If I ever had any doubts about my great nation's consistent ability to celebrate mediocre mindlessness, the Baahubali franchise puts that to rest. Actually, Baahubali 2 buries it and builds a CGI mausoleum over it. 

The film rests on four primary pillars and none of them has anything to do with filmmaking. 

Firstly, it panders to our basest, most feudalistic impulse- to bow down to a figure of immense power. In Baahubali 2, every  non-Prabhas person on screen has only one function, to gape at the man and his watermelon biceps with unhinged, maniacal admiration. Starting from his adopted mother (Ramya) to his arch nemesis, Bhallala Deva (Rana Daggubatti), Amarendra Baahubali elicits varying degree of awe of almost sexual nature in everyone. 

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The second pillar of the film is its fervent Hinduism. The way it constantly tells us that Baahubali is a demi-god, persistently drawing parallels with Krishna, Shiva and Vishnu. It reassures us by elucidating what our right-wing leaders have been blaring about for a decade or so. Ancient Indians did discover everything from nuclear bombs to flying machines. If you don't believe us, look at how Baahubali turns his ship into a flying machine with a flick of a sail.

The third pillar of Baahubali 2  is its unmasked misogyny. If in Baahubali 1, Shiva (Prabhas) very gleefully violates and subjugates the warrior Avanthika played by Tammanah Bhatia. Here, his father shows admiration for another warrior princess, Devasena (Anuskha Shetty)  by deliberately foiling her attempts to hunt down some errant pigs. 

Because a woman always needs to be shown her place in the world. 

The fourth  pillar of the franchise is the most obvious one. Us, the unsuspecting, unquestioning, easy-to-please Indian audience and our bovine-like ability to chew on everything, no matter how toxically it lines our stomach, and keep our peace.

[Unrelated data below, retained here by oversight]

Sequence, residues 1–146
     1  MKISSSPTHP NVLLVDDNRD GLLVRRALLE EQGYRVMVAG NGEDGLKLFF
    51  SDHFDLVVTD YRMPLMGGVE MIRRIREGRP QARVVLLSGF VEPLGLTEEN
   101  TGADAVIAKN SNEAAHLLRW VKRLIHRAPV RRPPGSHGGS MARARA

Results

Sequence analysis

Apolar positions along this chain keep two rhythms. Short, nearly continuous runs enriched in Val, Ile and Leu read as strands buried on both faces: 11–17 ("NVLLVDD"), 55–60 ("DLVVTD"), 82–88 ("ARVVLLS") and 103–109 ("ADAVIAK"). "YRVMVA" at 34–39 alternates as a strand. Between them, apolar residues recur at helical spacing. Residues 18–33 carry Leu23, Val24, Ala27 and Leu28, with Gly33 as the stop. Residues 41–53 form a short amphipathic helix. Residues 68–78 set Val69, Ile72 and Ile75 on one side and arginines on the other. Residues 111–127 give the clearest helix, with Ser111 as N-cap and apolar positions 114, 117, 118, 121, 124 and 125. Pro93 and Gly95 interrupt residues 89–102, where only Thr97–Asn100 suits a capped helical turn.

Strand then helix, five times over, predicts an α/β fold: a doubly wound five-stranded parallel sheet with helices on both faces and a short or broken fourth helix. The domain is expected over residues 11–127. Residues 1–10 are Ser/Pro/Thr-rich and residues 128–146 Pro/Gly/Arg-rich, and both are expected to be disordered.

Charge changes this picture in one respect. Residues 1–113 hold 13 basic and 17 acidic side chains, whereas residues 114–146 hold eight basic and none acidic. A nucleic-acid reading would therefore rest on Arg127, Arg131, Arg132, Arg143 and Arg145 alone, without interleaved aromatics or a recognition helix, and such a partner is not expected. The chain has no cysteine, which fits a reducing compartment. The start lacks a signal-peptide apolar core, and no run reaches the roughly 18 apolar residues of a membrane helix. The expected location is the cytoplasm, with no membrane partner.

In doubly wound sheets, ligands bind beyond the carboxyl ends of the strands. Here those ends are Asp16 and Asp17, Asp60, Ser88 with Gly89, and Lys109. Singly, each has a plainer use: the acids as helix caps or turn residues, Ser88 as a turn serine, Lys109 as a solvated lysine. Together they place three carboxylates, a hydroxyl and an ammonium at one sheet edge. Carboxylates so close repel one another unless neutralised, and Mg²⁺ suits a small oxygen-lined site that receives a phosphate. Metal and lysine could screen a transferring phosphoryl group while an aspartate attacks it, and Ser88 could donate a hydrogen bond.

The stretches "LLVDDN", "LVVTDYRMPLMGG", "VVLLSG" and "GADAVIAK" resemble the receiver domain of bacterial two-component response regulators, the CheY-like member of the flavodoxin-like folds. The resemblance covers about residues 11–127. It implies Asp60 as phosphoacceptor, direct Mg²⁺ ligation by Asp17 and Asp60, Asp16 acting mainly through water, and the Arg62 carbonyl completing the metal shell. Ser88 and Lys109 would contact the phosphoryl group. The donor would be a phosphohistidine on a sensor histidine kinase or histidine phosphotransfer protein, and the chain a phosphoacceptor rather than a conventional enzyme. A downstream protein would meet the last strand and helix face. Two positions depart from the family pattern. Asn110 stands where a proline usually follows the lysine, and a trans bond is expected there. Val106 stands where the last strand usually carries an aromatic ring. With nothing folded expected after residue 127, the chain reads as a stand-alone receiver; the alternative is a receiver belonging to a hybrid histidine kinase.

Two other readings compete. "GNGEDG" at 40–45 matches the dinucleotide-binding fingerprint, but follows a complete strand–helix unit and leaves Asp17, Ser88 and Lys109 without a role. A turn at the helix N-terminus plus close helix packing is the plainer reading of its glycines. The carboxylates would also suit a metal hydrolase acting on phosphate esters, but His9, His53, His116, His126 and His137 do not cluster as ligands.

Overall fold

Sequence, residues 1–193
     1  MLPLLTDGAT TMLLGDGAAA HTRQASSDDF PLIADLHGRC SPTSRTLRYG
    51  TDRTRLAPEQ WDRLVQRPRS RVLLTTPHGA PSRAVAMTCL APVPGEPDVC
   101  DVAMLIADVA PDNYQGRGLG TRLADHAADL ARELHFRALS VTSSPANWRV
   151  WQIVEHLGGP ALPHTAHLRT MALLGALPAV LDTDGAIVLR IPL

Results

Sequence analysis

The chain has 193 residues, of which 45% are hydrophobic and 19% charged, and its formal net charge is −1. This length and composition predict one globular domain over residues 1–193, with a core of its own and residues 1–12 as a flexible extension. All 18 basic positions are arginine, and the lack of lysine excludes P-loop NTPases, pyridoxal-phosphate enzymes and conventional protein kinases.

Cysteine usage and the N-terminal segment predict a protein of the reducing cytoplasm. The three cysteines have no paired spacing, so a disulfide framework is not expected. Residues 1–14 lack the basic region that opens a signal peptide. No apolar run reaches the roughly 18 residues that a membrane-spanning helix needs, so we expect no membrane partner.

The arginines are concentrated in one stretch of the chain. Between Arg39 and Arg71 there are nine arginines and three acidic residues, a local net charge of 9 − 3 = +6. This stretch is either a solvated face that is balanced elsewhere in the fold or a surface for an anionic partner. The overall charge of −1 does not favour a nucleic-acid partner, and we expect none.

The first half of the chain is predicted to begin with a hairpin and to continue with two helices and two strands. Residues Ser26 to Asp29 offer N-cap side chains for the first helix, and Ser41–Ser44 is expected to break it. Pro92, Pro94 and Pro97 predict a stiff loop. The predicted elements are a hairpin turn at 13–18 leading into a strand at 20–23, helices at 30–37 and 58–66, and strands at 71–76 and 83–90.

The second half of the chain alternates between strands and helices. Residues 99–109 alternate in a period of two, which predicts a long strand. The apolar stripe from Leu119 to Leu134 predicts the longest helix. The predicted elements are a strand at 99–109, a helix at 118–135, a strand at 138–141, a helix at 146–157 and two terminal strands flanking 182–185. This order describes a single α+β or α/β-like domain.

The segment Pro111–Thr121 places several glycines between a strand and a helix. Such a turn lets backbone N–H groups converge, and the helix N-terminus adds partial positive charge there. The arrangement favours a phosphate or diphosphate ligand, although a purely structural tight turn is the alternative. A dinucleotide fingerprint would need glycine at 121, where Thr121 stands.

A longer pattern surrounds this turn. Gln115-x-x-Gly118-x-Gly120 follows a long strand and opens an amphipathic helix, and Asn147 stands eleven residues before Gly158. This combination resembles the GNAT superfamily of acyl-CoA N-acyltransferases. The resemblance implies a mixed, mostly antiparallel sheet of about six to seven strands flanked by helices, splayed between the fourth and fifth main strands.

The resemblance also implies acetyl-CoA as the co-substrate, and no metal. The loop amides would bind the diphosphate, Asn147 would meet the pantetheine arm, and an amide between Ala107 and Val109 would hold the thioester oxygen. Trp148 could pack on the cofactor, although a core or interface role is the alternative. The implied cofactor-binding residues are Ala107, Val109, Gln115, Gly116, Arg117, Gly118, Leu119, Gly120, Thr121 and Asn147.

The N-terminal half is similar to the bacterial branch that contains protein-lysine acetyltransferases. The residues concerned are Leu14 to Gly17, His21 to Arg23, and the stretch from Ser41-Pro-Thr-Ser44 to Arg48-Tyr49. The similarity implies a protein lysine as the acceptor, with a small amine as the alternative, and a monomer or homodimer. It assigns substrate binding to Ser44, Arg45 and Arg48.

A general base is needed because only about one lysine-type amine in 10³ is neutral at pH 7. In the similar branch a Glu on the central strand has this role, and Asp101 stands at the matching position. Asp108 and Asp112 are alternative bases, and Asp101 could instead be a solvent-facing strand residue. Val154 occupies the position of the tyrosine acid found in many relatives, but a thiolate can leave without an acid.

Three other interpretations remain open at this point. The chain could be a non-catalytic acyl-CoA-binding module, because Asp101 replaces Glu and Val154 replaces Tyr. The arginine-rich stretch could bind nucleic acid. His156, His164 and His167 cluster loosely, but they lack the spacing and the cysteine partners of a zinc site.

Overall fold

Baahubali 2 is actually more of a prequel than a sequel, but am sure you know that. What with all the why-did-Katappa-kill-Baahubali hoopla. Come to think of it, Baahubali 2 is Baahubali 1 with a different female lead. 

It involves Prabhas jumping off a lot of CGI things and breaking a lot of CGI things. In fact, if there is a CGI monument, elephant or bull on screen, you can be assured that Prabhas will either mount it or break it with bare hands (in slow motion). The female lead here, like in Baahubali 1, wears the garbs of independence only to be reduced to a pool of compliance in front of the overwhelming masculinity of Baahubali. 

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So brave and strong is Baahubali that he skewers, eviscerates, beheads and otherwise inconveniences tens of thousands of men of different shapes and sizes before finally settling down in his CGI palace. 

Prabhas maybe the protagonist of the film, but he like all other male characters in the Baahubali franchise, is a unidimensional caricature who talks like a professional wrestler plugging his next feud.

To talk about the rest of the cast and their performances would be to go against the very spirit of the Baahubali franchise, which is to celebrate only one man, so I will not talk about them. 

All said and done, nothing will stop Baahubali 2 from earning hundreds of crores in the box office. Least of all, this review. Baahubali stands for a new India. A country that has become a bloodthirsty audience or one suffering from attention deficit (how many disemboweling do you have to see to get the idea?). We have no grace and wisdom in our speech. We strut with arrogant pride. We are Baahubalis!